Posted on | February 17, 2014 | 16 Comments
Readers will please excuse the lack of blogging today. There are busy days I don’t mind, when I am busy doing things I want to do. Then there are busy days when, unfortunately, I am compelled to pay attention to Brett Kimberlin’s dishonest allegations in the Maryland lawsuit Kimberlin v. Walker, et al, in which four co-defendants and myself are being sued for one meellion dollars for telling the truth about Brett Kimberlin. You may ask around among my co-defendants whether I derive any enjoyment from dealing with a plaintiff who was described in 1999 by Slate as “the convicted bomber, habitual liar, and all-around sociopath who claimed to have sold drugs to Dan Quayle.”
Being sued by a lying sociopath is only fun if you have nothing better to do with your time than to refute his lies, and there are many other things I’d rather do. Nevertheless, in honor of George Washington’s birthday, I’ve decided to spend today compiling some research into accessible formats — work which I wish could have been done by someone else, but if you want something done . . .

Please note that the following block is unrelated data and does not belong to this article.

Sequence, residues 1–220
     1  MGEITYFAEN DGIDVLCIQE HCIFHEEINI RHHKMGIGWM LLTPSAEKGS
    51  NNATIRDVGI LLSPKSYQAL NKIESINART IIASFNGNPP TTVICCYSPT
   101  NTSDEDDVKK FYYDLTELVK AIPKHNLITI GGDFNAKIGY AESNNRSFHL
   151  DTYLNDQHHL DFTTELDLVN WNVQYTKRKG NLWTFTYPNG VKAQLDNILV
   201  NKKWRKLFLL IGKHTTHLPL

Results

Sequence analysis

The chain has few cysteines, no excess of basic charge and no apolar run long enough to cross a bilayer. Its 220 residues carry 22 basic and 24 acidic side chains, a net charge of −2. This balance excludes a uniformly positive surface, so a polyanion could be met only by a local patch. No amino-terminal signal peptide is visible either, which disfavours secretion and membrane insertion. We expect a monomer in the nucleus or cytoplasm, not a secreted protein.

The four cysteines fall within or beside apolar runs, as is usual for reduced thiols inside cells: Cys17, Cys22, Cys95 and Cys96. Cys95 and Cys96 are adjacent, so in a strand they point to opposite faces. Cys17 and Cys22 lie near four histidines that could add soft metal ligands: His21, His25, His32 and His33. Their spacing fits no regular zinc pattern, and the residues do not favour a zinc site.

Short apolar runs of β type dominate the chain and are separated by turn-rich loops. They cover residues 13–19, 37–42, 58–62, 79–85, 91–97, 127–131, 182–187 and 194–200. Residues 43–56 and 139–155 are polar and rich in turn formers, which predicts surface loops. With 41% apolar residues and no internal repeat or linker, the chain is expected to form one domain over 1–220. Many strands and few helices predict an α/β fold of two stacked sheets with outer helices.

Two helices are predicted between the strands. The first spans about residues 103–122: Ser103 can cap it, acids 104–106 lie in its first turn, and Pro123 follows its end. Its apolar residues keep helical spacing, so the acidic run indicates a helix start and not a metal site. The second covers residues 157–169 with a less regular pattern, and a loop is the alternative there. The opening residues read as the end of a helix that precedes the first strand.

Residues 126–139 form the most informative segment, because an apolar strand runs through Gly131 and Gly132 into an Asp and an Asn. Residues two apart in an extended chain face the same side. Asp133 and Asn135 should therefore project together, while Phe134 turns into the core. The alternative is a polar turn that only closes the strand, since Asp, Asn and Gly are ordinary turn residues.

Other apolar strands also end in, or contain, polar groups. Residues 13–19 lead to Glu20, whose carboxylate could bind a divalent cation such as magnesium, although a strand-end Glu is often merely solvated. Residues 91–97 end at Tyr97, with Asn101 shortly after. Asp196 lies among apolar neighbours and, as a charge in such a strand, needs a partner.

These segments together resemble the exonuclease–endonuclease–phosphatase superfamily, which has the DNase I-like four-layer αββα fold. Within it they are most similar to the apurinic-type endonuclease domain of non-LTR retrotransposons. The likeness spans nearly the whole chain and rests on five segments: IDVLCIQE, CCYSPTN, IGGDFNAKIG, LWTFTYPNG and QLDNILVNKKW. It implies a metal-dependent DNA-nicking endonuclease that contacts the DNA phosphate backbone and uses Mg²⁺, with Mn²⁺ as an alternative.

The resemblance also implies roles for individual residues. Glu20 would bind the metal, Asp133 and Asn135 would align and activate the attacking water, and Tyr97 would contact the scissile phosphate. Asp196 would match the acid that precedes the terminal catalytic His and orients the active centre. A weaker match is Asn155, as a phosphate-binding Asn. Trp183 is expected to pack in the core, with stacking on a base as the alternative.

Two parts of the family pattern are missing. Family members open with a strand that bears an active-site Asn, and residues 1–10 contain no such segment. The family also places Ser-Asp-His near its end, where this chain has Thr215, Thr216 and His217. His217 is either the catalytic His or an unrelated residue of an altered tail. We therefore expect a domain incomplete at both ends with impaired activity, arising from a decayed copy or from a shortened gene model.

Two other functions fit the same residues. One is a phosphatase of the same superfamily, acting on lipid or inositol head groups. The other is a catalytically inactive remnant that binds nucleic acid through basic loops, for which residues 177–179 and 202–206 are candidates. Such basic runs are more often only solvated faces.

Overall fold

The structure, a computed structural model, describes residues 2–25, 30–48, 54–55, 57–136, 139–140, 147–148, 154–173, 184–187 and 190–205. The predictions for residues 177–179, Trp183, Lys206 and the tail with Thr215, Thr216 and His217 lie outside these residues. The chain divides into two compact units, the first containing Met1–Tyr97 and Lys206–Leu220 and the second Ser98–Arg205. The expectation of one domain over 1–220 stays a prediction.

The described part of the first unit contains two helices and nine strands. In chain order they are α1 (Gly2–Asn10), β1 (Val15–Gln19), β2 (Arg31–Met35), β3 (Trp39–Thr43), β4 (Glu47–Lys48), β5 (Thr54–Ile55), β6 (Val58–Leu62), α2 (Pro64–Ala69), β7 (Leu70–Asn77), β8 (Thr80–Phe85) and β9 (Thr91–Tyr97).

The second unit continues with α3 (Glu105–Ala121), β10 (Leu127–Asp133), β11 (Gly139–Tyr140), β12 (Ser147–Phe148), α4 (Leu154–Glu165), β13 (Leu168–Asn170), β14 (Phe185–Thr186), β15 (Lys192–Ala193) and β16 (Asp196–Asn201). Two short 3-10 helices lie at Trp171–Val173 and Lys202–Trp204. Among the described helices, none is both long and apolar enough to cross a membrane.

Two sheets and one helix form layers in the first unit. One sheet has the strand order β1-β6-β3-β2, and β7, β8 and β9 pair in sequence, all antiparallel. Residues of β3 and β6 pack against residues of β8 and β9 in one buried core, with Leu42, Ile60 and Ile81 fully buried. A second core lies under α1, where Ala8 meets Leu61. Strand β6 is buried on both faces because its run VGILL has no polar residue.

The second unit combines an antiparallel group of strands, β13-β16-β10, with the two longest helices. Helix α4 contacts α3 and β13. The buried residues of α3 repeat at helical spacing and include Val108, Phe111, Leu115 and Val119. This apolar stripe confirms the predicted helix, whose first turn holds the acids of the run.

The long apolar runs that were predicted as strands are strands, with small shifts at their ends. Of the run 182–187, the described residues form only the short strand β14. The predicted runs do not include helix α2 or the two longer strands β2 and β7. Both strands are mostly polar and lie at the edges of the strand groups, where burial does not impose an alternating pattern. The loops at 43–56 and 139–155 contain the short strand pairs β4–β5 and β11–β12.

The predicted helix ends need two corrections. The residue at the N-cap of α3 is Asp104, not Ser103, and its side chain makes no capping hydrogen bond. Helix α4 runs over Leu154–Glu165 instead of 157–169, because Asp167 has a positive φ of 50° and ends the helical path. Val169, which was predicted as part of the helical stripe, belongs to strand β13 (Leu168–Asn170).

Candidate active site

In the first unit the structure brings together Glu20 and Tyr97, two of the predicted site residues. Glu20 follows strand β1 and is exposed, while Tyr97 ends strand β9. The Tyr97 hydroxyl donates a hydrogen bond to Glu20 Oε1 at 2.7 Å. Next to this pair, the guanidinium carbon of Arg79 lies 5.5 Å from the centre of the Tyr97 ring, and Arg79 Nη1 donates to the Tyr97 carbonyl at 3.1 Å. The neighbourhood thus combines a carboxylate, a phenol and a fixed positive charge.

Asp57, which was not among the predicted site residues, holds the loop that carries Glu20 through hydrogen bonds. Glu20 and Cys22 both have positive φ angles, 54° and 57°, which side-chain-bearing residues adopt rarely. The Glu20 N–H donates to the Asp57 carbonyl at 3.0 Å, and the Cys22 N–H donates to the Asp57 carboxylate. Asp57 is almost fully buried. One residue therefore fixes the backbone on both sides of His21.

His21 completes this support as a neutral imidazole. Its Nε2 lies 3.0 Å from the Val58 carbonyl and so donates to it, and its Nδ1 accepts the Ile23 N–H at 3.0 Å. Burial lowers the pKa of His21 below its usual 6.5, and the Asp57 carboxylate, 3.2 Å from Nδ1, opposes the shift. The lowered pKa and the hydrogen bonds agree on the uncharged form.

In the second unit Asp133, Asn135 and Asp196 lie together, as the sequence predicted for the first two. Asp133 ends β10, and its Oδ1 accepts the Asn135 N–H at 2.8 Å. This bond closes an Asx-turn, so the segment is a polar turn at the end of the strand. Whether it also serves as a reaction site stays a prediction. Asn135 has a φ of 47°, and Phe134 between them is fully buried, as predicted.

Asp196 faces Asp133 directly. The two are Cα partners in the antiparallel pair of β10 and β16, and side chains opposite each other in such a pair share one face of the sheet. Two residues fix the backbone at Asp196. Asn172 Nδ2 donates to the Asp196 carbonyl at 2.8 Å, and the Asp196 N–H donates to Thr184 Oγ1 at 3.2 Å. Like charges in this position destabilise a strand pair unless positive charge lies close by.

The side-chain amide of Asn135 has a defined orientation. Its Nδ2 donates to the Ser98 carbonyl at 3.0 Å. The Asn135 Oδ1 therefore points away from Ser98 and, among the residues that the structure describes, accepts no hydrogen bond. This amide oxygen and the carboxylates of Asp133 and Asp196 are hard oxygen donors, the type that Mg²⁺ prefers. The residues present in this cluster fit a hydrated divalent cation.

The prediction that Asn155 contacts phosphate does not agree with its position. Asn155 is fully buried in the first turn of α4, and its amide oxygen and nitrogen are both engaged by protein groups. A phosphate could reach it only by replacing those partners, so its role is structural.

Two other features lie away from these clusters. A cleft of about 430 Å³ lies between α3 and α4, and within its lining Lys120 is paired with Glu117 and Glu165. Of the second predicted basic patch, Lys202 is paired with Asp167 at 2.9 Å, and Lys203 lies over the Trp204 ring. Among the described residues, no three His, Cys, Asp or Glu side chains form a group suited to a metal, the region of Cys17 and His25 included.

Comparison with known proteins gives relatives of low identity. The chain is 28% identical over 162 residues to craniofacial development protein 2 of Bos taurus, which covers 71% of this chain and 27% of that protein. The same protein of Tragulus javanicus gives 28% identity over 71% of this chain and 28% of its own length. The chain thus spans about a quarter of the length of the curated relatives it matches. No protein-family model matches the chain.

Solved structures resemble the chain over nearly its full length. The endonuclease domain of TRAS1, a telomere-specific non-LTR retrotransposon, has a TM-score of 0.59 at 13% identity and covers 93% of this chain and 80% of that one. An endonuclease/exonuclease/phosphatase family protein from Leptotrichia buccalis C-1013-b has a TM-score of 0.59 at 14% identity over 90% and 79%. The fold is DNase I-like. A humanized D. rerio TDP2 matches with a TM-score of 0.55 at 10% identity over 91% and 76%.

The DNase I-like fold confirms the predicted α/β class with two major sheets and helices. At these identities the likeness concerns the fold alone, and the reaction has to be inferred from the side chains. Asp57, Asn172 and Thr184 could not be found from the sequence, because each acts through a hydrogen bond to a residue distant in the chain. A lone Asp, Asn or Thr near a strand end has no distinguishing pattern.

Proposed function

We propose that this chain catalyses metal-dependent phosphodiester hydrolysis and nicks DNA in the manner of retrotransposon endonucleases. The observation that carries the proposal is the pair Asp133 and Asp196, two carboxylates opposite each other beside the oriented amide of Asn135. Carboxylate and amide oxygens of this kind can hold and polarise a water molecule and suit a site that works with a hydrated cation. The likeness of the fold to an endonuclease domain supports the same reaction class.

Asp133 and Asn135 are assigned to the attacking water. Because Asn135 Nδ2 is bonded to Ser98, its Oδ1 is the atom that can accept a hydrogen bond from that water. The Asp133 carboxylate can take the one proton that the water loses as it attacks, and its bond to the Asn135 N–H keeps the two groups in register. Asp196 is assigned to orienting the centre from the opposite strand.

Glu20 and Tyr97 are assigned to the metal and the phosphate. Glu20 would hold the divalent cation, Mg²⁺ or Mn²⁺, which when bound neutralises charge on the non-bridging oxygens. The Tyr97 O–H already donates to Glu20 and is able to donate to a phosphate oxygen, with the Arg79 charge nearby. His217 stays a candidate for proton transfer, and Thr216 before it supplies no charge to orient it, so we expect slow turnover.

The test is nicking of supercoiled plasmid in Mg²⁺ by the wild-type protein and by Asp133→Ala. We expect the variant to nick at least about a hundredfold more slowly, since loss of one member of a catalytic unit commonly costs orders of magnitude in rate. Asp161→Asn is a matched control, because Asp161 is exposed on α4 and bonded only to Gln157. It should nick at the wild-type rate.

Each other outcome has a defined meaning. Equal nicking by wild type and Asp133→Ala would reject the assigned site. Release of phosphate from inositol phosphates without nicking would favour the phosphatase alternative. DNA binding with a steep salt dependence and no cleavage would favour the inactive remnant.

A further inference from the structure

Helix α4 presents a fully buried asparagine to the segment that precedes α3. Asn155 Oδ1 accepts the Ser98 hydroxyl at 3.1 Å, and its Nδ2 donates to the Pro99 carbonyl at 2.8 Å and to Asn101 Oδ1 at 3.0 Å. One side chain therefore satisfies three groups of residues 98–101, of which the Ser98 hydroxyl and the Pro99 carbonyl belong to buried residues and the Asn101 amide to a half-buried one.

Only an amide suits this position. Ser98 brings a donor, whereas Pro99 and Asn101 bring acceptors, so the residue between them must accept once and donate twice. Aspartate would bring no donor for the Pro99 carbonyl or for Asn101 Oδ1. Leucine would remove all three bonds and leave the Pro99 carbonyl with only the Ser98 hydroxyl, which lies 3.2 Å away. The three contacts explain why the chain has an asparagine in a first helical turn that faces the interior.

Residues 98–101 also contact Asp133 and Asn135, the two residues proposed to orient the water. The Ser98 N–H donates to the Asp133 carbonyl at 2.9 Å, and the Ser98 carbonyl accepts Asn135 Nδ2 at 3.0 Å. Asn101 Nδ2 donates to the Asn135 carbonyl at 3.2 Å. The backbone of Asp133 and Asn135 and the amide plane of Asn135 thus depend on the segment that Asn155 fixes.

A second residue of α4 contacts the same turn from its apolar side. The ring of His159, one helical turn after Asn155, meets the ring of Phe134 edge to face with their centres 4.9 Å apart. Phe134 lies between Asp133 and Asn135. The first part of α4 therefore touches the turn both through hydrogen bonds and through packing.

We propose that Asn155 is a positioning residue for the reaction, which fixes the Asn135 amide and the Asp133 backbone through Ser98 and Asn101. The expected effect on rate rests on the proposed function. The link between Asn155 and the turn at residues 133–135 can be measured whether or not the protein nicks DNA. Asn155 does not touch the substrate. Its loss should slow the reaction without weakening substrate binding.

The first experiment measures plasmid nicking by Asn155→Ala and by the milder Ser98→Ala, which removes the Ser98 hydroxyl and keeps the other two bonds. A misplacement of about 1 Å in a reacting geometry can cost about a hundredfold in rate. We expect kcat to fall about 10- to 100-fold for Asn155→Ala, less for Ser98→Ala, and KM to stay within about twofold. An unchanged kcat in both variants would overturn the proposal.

Anyone interrupting me in this work can expect to get an earful. I have tried to ignore this thing as much as possible, because it makes me angry to think honest law-abiding citizens must condescend to answer the lies of a creature like Brett Kimberlin, who was notorious as a liar before I ever wrote one word about him.
“. . . a world-class liar . . .”
“. . . a top-flight con man . . .”
— Publisher’s Weekly
“. . . a fairly typical hustler . . .”
— Library Journal
Knowing that Brett Kimberlin’s dishonesty has been so notorious for so long, perhaps you can understand why it is irritating to have to confront his lies, as though it were insufficient refutation to say, “Of course it is untrue — Brett Kimberlin is a liar.”
So I am compelled to keep working at this today, and ask your patience at the lack of blogging. But there is this bit of news: Nominations for the 2014 Blog Bash Awards are out, and my reporting on the Kaitlyn Hunt case is nominated.
And now, back to the Siberian salt mines . . .